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Thomas
Thomas, Solicitor
Category: UK Immigration Law
Satisfied Customers: 7509
Experience:  BA (Hons), PgDip, Practising Solicitor
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Visa question. My girlfriend and I want to live together but

Customer Question

Visa question.
My girlfriend and I want to live together but not get married at this stage. We have been seeing each other for nearly a year now. She came to the UK from India to study for a Masters degree and possibly a PhD. She completed the Masters in June 09. Since then she has got a job as a data manager, at the University where we both work . Her TIER 1 POST STUDY Visa runs out on 10 March 2011.
She is 35 and divorced. I am 52 and divorced. We have financial security and I have my own house where she and I live together in all but name.

My hope is that if we make our living together more formal e.g. joint bank account, voting register etc, will this be enough for her to qualify for an extension to her Visa? If not and we decide to get married in the next few months will this qualify her to stay?

I have spent hours on the UK border Agency website and can not find an answer
Thank you
Submitted: 6 years ago.
Category: UK Immigration Law
Expert:  Thomas replied 6 years ago.

Hi

 

If she intends to reside here permanently then the most secure way to do this would be for you to marry here and then apply for a spouses visa after marriage.

 

You would have to apply for a certificate of approval for marriage prior to marring. There is information on applying for the certificate here:-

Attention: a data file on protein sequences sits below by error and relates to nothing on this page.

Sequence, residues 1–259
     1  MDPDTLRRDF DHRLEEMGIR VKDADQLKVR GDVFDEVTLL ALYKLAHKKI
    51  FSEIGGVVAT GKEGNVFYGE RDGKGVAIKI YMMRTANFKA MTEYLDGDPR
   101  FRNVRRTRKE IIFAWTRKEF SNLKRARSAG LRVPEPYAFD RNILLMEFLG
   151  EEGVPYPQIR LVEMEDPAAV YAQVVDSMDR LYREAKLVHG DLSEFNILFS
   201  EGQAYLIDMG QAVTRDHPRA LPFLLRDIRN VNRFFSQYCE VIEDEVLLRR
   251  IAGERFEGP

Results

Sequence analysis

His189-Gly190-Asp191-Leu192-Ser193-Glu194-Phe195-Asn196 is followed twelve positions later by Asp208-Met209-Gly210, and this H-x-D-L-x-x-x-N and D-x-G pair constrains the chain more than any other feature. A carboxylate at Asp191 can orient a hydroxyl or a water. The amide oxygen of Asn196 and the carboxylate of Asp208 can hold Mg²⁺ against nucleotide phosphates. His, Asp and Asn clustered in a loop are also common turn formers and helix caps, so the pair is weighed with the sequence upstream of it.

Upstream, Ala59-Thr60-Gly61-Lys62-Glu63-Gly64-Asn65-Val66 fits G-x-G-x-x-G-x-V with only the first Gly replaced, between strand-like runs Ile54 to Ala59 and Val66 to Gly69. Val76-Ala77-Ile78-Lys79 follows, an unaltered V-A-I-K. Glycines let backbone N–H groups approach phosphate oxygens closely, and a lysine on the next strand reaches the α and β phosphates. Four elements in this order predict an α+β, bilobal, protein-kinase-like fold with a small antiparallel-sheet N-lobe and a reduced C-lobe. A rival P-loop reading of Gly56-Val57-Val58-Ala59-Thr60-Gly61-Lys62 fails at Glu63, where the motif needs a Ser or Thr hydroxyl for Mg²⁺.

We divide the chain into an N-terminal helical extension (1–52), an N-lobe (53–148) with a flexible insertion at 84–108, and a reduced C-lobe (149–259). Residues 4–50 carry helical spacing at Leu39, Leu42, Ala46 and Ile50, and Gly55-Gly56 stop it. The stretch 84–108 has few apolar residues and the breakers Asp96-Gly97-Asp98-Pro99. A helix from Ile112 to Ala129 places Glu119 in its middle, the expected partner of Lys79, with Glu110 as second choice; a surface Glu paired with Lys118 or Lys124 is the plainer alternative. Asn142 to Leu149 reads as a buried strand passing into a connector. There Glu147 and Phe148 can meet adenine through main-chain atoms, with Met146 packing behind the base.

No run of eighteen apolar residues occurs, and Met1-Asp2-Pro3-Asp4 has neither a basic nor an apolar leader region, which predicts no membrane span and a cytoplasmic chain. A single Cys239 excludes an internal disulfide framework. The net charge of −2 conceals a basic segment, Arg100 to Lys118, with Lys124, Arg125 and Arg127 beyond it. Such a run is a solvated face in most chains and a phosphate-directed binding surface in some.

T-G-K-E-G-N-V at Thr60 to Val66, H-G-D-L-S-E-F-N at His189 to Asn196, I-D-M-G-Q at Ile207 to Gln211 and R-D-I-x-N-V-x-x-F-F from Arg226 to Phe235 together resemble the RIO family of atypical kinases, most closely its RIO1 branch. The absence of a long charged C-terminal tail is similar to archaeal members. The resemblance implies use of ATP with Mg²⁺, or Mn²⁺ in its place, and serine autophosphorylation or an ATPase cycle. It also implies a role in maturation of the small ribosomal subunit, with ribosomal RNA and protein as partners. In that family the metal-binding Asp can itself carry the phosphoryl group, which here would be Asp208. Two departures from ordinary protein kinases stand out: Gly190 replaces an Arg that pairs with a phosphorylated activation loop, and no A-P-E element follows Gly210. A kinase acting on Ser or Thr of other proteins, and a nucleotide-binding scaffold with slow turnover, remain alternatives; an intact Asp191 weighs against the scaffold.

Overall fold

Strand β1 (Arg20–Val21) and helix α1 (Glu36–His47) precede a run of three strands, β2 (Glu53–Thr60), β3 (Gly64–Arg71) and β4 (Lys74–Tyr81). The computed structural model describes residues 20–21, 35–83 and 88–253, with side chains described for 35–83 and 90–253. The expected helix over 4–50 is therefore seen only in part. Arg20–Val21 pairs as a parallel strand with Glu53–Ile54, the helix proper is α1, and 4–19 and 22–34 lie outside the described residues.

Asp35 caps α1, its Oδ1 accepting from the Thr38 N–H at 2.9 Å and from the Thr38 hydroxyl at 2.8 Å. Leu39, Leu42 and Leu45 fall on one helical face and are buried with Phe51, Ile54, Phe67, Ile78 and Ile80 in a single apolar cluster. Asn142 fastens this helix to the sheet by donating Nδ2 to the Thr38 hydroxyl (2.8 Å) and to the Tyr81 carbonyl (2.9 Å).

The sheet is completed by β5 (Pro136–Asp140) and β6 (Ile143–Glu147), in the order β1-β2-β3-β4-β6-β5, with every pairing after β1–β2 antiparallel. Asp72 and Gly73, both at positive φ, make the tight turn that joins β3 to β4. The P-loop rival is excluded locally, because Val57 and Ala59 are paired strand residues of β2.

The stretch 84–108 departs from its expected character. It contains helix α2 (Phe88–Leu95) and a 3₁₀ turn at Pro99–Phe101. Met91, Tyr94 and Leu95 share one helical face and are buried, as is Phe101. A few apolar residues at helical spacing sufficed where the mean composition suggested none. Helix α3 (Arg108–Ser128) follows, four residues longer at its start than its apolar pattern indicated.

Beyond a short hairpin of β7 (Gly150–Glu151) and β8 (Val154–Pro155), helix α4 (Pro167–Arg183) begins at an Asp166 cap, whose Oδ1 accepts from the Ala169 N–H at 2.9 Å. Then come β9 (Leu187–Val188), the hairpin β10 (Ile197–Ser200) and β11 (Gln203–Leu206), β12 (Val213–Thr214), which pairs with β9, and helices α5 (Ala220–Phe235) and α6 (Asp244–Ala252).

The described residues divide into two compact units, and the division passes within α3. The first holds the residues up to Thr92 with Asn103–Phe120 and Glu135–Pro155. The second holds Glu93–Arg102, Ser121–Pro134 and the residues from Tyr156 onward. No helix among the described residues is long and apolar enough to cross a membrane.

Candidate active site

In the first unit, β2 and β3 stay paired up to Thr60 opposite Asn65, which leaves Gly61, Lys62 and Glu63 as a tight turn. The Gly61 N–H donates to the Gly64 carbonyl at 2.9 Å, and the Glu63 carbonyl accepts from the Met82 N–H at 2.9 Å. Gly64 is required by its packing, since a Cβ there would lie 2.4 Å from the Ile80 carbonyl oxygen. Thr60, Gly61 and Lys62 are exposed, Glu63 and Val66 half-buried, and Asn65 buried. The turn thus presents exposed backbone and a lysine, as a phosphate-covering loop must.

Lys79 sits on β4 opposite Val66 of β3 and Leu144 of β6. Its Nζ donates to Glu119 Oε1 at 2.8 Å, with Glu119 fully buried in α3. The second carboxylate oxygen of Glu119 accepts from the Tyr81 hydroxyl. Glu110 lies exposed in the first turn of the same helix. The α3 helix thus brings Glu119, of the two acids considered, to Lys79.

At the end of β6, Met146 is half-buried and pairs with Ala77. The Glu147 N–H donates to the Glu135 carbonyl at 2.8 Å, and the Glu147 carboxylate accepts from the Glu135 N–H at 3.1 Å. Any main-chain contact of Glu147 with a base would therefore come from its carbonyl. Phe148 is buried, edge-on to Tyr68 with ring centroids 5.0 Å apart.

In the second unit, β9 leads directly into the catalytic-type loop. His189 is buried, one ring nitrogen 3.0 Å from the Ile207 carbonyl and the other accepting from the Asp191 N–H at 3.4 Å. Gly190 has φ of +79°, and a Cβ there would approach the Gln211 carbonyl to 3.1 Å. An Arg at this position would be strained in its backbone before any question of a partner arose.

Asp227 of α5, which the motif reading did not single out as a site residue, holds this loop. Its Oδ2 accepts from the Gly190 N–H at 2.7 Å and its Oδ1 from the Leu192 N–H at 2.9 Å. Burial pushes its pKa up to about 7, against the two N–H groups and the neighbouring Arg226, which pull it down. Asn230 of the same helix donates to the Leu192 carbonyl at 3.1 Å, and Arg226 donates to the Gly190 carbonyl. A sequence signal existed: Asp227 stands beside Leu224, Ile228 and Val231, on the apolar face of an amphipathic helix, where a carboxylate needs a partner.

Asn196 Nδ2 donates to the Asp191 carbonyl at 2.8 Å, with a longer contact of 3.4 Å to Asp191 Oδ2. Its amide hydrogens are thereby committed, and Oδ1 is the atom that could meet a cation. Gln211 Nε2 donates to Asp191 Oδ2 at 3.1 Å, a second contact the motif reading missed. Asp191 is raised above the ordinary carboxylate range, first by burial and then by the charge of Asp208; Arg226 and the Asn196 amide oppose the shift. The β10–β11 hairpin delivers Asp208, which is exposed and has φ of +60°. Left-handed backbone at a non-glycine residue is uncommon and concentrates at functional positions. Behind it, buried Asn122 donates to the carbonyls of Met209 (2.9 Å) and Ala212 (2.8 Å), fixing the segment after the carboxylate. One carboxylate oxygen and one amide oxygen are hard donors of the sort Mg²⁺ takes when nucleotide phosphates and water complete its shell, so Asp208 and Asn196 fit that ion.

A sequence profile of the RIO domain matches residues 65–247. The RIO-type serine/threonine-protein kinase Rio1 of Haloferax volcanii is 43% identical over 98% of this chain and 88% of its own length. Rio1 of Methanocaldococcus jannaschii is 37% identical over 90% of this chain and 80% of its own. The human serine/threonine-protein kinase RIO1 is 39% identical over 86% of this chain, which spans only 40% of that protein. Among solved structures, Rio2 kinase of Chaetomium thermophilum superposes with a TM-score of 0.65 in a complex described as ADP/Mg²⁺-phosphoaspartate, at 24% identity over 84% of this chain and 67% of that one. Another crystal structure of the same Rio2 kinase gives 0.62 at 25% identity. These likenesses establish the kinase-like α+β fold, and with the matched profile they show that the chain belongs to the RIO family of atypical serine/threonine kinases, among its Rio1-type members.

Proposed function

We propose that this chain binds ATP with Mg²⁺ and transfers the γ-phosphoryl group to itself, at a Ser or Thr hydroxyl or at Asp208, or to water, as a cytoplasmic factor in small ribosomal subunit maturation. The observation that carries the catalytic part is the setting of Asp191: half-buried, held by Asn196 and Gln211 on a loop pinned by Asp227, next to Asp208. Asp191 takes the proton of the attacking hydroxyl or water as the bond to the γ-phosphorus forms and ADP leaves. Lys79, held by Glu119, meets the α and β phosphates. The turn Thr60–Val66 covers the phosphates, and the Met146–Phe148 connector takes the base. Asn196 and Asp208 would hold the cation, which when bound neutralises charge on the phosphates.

http://www.ukba.homeoffice.gov.uk/visitingtheuk/gettingmarried/certificateofapproval/

You will have to apply by using Form COA and you can download this from the UKBA website.

 

Once you are married you can apply for a spouses visa.

You will have to show:-

  • 1. That you are legally married to each other (marriage certificate)
  • 2. You have met before (statements, correspondence)
  • 3. You are not in breach of the immigration rules (your visa)
  • 4. Your decision to marry was not due to you potentially being deported)
  • 5. Your wife is present and settled in the UK (eg. Passport, proof of accommodation)
  • 6. You intend to live permanently together here in the UK as husband and wife (statements, evidence of her (statements, correspondence(
  • 7. You can support each other without the need for public funds (bank statements, evidence of income)
  • 8. You have suitable accommodation which is owned or lived in only by you or your household and where you and your dependents can live without any help from public funds (tenancy agreement, land registry docs if you your own home)
  • 9. That neither of you are younger than 21 years of age. (birth certificates, passports)

You will need to apply for settlement (ie. spouses visa) by using form FLR (M) Settlement, available for download from UKBA's website. It would be best for either a solicitor in the UK to prepare it in consultation with both you and your wife before submitting it.

 

Your wife can find Uk immigration solicitors through the following Law Society Website search engine:-

http://www.lawsociety.org.uk/choosingandusing/findasolicitor.law

 

You could apply for an unmarried partner's visa but you would have to show that you have been in a relationship for two years prior to the application and less applications tend to get accepted under this method.

 

If this has been useful please kindly click accept so that I may be rewarded for my time. It will be gratefully received and you will be free to ask follow up questions.

Kind regards,


Tom

Thomas and other UK Immigration Law Specialists are ready to help you
Customer: replied 6 years ago.
Thank you very much It gives us a direction to go now. Just in case it affects the situation, I am a Uk citizen born and bred
Expert:  Thomas replied 6 years ago.

Hi,


Sorry for the delay in replying - it does not make a difference.

 

Thank you for your kind accept, good luck and if you require further information in the future feel free to submit a question to the board and request that I answer.

 

Kind regards,

 

Tom

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